After several years of hard work driving down costs and repositioning its portfolio, Canadian shale driller Encana (NYSE: ECA) announced its return to growth mode last fall by unveiling a new five-year plan. Underpinning that strategy was a vast inventory of premium return drilling locations across four core shale plays, which the company believed could grow production and cash flow at a rapid rate as long as crude averaged $55 per barrel. However, thanks to continued innovation and efficiency gains, Encana recently updated its five-year plan, which shows it becoming a cash flow machine in the coming years even if oil doesn't budge.
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What a difference a year makes
Last October, Encana outlined its five-year growth potential at its investor day. The shale driller noted that it had built up an inventory nearly of 10,000 premium return well locations across four core regions, which Encana defined as those that could deliver a 35% after-tax rate of return at $50 oil. While that was below the rate of return EOG Resources' (NYSE: EOG) premium wells would earn at that level, it was still high enough to fuel significant growth over the five-year plan. Encana anticipated that it was on pace to increase cash flow 300% by 2021 as a result of drilling these higher-margin wells, which would double its corporate margin as production rose 60%. All the company needed to meet this goal was for oil to average $55 per barrel, which would enable it to start living within cash flow by 2018.
However, thanks to continued innovation and exceptional well results, Encana is well ahead of the pace of that plan. In fact, the company announced last quarter that it could achieve cash flow breakeven at just $50 a barrel. Due to that step-change in improvement, the company updated its five-year plan at this year's investor day. The most noteworthy change is that the company is further shifting its focus toward cash flow growth as opposed to just increasing production, which is the focus of most rivals these days. As such, Encana's aim in the next five years is to grow cash flow at a 25% compound annual growth rate, which will enable the company to generate a whopping $1.5 billion in cumulative free cash flow by 2022 as long as oil averages $50 a barrel. That excess cash gives the company plenty of options, including further improvements to an already strong balance sheet, boosting its paltry dividend, or buying back stock.
How technology is driving the thriving
While Encana's prime acreage positions across several top-tier shale regions are playing a critical role in its ability to thrive at lower oil prices, that's only part of the story. Another crucial factor is the company's culture of innovation, which is helping it to get more oil and gas out of the ground for less money. The driller has collected a massive amount of proprietary data from its wells over the years, which it's using to design models for the shale reservoirs below its acreage. It then develops a customized solution to optimize recovery from each region.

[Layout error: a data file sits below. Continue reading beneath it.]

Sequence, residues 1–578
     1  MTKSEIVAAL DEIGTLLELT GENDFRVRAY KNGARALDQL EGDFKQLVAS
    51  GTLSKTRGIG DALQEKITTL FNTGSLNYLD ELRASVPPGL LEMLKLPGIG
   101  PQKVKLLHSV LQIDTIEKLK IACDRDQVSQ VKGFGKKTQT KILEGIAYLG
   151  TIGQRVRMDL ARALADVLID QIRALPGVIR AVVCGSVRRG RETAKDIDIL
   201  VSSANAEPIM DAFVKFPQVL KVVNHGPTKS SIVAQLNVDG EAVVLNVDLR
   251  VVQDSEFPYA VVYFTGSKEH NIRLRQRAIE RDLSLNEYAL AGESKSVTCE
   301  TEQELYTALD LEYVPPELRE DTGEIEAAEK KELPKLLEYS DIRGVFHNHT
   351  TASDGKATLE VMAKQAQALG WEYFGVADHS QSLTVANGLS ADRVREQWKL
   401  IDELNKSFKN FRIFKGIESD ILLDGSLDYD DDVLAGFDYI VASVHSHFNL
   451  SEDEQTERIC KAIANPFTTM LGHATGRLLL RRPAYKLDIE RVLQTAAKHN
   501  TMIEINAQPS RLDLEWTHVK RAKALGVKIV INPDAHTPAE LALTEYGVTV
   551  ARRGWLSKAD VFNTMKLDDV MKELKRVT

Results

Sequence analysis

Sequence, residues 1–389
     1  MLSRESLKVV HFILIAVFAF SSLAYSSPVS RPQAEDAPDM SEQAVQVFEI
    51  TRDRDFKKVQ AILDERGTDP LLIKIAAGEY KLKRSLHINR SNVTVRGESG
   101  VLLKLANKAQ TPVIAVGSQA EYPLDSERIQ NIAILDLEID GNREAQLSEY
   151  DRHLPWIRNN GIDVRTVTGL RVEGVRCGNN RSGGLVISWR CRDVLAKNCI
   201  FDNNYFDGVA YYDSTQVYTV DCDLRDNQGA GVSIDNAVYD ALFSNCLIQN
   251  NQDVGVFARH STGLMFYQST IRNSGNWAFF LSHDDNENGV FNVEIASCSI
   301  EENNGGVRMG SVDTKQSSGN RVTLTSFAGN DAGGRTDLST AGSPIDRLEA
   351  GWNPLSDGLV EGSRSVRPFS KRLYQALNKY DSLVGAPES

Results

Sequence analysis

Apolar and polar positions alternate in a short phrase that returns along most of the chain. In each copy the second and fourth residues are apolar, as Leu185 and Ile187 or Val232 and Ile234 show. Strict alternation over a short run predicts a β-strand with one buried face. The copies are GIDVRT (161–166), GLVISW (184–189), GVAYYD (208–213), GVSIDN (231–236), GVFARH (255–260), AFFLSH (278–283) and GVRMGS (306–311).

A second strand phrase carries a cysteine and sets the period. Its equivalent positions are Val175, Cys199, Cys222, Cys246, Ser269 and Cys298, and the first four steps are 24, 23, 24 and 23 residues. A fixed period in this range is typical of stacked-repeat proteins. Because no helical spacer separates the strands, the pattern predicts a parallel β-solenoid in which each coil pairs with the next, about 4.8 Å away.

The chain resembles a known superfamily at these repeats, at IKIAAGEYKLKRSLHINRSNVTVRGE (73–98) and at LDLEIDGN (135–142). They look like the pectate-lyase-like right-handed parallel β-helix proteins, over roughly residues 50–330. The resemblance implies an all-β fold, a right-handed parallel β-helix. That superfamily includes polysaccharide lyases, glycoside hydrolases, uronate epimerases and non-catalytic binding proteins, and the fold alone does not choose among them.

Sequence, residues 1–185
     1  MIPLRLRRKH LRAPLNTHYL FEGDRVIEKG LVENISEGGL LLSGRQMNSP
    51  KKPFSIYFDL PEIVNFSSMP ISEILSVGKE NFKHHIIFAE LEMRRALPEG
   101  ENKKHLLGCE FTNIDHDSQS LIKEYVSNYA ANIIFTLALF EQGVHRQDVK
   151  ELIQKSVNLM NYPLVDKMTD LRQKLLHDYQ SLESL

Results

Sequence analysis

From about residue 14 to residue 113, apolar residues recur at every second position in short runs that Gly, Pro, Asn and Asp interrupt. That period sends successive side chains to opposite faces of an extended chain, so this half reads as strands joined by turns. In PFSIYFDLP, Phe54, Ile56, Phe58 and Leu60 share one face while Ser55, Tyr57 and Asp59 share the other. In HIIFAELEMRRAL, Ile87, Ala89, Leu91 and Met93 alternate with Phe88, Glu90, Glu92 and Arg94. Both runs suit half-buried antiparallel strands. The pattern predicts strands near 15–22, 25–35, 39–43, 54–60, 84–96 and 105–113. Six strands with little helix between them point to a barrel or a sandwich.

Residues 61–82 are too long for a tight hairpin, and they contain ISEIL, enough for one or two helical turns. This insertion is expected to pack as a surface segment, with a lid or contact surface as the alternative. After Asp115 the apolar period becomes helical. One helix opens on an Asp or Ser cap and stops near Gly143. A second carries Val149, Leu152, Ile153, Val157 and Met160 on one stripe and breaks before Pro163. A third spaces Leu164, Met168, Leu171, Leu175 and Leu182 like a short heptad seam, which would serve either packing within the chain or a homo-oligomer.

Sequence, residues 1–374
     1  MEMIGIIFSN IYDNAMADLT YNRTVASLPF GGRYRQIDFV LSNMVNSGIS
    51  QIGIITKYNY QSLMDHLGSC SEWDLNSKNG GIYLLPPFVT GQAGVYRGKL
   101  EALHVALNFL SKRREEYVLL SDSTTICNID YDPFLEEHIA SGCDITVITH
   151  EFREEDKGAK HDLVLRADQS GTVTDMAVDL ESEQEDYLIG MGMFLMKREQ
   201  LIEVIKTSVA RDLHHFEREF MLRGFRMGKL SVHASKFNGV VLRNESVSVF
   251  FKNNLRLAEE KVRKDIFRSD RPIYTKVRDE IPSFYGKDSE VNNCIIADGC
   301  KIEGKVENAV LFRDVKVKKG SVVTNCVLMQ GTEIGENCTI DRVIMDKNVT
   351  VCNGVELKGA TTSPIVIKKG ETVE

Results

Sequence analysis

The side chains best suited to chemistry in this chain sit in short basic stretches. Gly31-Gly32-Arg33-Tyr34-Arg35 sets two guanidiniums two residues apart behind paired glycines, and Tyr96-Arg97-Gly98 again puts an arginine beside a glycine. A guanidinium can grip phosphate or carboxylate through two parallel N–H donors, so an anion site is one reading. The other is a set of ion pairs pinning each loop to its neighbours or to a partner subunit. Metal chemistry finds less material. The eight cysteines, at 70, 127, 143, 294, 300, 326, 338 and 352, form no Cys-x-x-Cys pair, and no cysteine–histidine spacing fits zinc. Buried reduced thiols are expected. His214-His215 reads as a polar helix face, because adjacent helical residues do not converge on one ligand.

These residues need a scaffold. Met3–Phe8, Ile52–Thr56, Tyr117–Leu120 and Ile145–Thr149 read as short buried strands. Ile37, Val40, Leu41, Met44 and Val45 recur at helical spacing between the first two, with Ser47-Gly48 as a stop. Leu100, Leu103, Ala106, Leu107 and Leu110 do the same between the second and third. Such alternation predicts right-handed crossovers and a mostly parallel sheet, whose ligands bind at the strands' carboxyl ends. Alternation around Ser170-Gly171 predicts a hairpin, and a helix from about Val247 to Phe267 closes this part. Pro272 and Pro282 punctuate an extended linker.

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For example, one of its latest developments is "the cube" in the multilayer Permian Basin. Under this approach, the company uses large multiwell pads to drill tightly spaced, stacked wells that target each formation. By drilling all the wells in the section at one time, instead of the old method of drilling a few wells per section initially and then going back and completing in-fill wells at a later date, the company can more uniformly develop each section. This approach minimizes the risk that newer wells underperform older ones due to a depleting reservoir, which helps optimize recovery and maximize returns.
These technological advances also helped Encana increase its inventory of premium return locations without acquiring more acreage. When the company started last fall, it had 9,280 premium locations out of a total of roughly 20,000 future wells. However, by converting more of those to premium through further innovation gains, Encana now has 11,070 premium wells remaining even after drilling more than 200 over the past year. That's similar to EOG Resources, which has grown its premium drilling inventory from 3,200 locations last February to 7,200 this past May, due in part to "applying industry-leading technology and geoscience to our acreage," which is enabling the company to drill longer, more tightly spaced wells. Because of these increasing inventories, both companies can continue growing at a rapid pace well after their current plans end, while also potentially accelerating their rate if the price of oil rises.
Moving into an elite class
Thanks to the innovation gains over the past year, Encana can deliver double-digit growth in production and cash flow for the next five years as long as oil averages $50 a barrel. That puts it into a select group of oil stocks that can thrive at that low price point. Investors seeking a low-risk, high growth oil stock should take a closer look at Encana because its five-year plan puts it in position to create tremendous value even if oil doesn't recover, with accelerated upside potential if it does.
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